Planners want electrified cycleways

By Julian Bajkowski

 The Planning Institute of Australia has a taken red pen to the ACT Government’s ‘Draft Strategic Cycle Network Plan,’ marking down the strategy as “fundamentally flawed” and arguing that cycleways need to be opened-up to other modes of alternative transport.

The planning body’s Capital chapter is urging further consideration be given to what it calls “perspiration free” alternative transport options that it believes may be more appealing to everyday commuters than the humble pushbike.

“[The] PIA says there are a number of personal mobility devices being embraced by countries around the world but their use in Australia is restricted by our design rules,” the group said in a statement critiquing the National Capital’s latest plan.

“Personal vehicles such as Segways, yike bikes, mini Electric scooters, mobility scooters, mopeds, electric scooters, Robo scooters, and electric tricycles provide realistic, perspiration free safe alternatives but their use is generally illegal.”

The dilemma of what to do about so-called ‘personal vehicles’ is an accelerating problem for councils, roads authorities and police as the price of electrically powered transport falls rapidly.

One issue is that as the population ages and barriers to entry like price fall, more senior citizens and disabled people are jumping onto so-called mobility scooters to zap around town, usually on the footpath.

Compounding the issue is the surge in the popularity of electrically assisted bikes which allow riders to achieve and maintain speeds considerably faster than the pace of regular, perspiring, cyclists.

PIA ACT President Mr Vivian Straw said riding a bicycle to work in Canberra will remain the choice of the cycling enthusiast.

“Canberra has the best cycling network of any Australian capital city but it also has the lowest participation rate,” Mr Straw said.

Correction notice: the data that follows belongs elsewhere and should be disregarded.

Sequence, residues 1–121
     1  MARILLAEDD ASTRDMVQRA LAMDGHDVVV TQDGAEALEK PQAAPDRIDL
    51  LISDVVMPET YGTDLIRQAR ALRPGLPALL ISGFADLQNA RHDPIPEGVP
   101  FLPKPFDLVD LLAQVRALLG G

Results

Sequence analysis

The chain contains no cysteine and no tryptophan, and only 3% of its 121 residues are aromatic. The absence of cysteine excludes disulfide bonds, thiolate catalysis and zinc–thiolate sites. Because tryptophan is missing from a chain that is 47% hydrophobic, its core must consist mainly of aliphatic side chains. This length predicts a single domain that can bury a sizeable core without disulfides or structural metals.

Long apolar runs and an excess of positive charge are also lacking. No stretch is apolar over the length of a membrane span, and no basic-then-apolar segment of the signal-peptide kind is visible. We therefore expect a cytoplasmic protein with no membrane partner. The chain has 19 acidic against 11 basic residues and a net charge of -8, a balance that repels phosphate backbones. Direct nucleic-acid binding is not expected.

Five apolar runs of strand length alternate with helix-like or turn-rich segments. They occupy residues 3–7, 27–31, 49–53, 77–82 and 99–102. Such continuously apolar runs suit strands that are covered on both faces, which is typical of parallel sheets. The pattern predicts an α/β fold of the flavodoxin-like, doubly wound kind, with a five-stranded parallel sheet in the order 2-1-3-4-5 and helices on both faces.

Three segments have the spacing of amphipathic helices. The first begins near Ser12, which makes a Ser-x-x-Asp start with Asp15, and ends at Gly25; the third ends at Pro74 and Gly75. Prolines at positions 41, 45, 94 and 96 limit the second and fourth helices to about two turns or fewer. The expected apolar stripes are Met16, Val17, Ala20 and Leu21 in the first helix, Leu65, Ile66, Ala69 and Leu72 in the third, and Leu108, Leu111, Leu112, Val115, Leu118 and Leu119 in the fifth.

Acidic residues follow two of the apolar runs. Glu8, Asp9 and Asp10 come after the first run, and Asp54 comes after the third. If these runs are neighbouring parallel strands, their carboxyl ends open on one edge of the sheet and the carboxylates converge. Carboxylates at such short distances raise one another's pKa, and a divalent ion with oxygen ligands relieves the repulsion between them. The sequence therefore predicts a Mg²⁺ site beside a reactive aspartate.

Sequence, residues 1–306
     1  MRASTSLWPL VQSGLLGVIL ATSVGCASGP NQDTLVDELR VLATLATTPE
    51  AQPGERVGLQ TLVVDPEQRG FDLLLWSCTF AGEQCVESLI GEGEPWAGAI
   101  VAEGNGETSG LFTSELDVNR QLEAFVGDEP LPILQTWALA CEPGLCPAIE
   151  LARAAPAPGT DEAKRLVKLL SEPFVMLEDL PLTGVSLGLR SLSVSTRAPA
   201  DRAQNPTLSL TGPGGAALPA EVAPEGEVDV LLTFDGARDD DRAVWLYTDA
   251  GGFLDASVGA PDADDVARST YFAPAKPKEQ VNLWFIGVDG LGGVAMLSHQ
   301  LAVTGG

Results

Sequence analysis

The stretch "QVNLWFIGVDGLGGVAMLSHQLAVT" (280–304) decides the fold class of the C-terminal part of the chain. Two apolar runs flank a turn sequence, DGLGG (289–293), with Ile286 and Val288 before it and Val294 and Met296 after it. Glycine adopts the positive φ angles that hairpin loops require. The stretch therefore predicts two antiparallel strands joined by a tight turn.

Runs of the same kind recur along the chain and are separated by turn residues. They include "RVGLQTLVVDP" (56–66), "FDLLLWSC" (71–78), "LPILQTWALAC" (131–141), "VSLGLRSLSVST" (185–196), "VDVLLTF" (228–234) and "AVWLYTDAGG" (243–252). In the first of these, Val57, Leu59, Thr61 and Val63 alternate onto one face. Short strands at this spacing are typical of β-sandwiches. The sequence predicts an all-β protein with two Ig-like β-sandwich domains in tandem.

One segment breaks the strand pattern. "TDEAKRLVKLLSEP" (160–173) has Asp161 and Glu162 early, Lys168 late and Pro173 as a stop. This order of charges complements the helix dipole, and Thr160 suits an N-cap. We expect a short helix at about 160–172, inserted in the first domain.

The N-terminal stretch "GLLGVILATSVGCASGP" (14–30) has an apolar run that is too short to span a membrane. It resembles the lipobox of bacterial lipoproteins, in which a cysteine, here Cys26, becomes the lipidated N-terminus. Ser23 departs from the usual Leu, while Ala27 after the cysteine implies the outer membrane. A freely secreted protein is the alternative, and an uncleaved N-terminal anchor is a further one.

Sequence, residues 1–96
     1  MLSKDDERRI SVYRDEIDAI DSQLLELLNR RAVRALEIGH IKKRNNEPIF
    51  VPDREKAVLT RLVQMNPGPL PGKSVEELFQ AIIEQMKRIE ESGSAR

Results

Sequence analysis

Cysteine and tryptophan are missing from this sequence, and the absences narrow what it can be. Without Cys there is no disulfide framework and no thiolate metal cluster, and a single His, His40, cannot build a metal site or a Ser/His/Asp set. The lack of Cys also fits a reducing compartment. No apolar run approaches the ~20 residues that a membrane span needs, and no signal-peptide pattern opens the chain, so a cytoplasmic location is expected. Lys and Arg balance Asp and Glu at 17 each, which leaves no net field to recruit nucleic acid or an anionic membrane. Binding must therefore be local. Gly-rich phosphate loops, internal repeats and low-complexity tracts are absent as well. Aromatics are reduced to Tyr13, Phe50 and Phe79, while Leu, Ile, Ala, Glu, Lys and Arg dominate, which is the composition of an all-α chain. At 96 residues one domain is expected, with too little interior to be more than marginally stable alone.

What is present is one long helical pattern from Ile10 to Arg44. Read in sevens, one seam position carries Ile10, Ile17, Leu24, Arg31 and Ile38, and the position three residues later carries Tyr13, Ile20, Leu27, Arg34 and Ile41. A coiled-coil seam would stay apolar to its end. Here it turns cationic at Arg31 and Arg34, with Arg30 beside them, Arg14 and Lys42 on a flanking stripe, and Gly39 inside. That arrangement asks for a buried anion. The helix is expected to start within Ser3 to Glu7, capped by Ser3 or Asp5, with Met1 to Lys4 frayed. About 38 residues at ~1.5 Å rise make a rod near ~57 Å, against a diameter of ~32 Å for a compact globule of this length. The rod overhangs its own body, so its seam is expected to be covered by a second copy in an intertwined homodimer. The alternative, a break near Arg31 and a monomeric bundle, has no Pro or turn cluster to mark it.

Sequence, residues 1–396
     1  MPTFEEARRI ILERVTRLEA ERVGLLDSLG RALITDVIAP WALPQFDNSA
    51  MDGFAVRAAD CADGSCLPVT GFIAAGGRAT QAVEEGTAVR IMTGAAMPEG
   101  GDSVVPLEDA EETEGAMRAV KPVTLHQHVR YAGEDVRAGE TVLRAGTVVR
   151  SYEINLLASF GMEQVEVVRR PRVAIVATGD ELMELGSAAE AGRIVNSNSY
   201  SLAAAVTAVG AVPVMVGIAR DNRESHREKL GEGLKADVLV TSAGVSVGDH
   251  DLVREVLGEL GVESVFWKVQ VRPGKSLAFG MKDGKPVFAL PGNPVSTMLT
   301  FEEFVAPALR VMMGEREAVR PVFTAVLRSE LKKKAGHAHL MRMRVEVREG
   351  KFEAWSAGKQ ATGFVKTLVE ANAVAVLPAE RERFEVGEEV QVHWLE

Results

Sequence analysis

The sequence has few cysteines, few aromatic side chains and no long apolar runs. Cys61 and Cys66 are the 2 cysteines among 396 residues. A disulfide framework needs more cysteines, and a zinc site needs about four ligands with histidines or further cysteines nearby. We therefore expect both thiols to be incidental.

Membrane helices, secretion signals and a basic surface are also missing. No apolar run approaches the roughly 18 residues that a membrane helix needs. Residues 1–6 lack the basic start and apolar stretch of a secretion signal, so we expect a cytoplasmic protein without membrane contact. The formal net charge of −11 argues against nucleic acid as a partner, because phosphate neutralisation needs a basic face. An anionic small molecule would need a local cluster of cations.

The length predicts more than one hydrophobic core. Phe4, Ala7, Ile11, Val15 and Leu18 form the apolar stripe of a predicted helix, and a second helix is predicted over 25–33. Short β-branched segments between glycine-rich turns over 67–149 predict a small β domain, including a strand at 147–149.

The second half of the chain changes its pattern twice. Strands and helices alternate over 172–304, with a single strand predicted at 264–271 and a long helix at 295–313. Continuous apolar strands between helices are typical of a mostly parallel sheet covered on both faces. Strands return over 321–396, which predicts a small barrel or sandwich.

“That situation is unlikely to change unless we take more bold and well thought out decisions.”


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One thought on “Planners want electrified cycleways

  1. You touched on an interesting point re the illegality of most of these ‘new’ modes of transport.

    I have been privy to internal government consideration of these alternative methods of transport (inc Segways).

    I am still very uneasy with the way the conversations with senior transport policy advisors went….which was something like…

    We are seeing a significant upsurge in the number of people contacting us about the use of new types of mobility devices (segways, battery powered scooters), many of which are available over the Internet.

    …What is our policy position / approach?

    We do not have the time or resources to look into the benefits of these devices, nor should we. That is someone else’s job. If they are not specifically legal, or if they contravene an ADR, then they are illegal.

    So that’s our position…yes.

    They are illegal because federal and state transport policy advisors are acting in isolation of public sentiment and making arbitrary policy decisions on the basis of resource constraints (keeping the status quo), rather than the public good or innovation.

    Direct public pressure on ministers might move us out of the 20 century reliance on the oil and gasindustry…but their lobbyists are proactive and well paid and governments transport advisors are old, busy and out of touch.

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